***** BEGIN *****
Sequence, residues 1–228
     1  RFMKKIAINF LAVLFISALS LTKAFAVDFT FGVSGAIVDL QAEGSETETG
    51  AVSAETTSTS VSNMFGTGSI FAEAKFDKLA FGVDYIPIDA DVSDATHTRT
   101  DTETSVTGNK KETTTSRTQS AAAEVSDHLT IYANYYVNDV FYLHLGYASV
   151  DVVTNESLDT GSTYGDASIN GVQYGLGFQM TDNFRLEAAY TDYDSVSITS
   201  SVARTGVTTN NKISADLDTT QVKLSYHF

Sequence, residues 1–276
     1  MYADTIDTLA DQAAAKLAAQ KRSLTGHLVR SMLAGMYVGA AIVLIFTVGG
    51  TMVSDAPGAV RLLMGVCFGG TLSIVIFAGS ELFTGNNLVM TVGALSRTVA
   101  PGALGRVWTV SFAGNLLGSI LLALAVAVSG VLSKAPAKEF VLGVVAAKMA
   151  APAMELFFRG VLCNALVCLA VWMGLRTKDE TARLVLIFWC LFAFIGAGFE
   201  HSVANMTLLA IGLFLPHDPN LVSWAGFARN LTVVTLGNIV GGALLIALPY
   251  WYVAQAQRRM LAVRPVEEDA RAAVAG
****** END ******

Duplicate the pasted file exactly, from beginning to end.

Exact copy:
Sequence, residues 1–228
     1  RFMKKIAINF LAVLFISALS LTKAFAVDFT FGVSGAIVDL QAEGSETETG
    51  AVSAETTSTS VSNMFGTGSI FAEAKFDKLA FGVDYIPIDA DVSDATHTRT
   101  DTETSVTGNK KETTTSRTQS AAAEVSDHLT IYANYYVNDV FYLHLGYASV
   151  DVVTNESLDT GSTYGDASIN GVQYGLGFQM TDNFRLEAAY TDYDSVSITS
   201  SVARTGVTTN NKISADLDTT QVKLSYHF

Sequence, residues 1–276
     1  MYADTIDTLA DQAAAKLAAQ KRSLTGHLVR SMLAGMYVGA AIVLIFTVGG
    51  TMVSDAPGAV RLLMGVCFGG TLSIVIFAGS ELFTGNNLVM TVGALSRTVA
   101  PGALGRVWTV SFAGNLLGSI LLALAVAVSG VLSKAPAKEF VLGVVAAKMA
   151  APAMELFFRG VLCNALVCLA VWMGLRTKDE TARLVLIFWC LFAFIGAGFE
   201  HSVANMTLLA IGLFLPHDPN LVSWAGFARN LTVVTLGNIV GGALLIALPY
   251  WYVAQAQRRM LAVRPVEEDA RAAVAG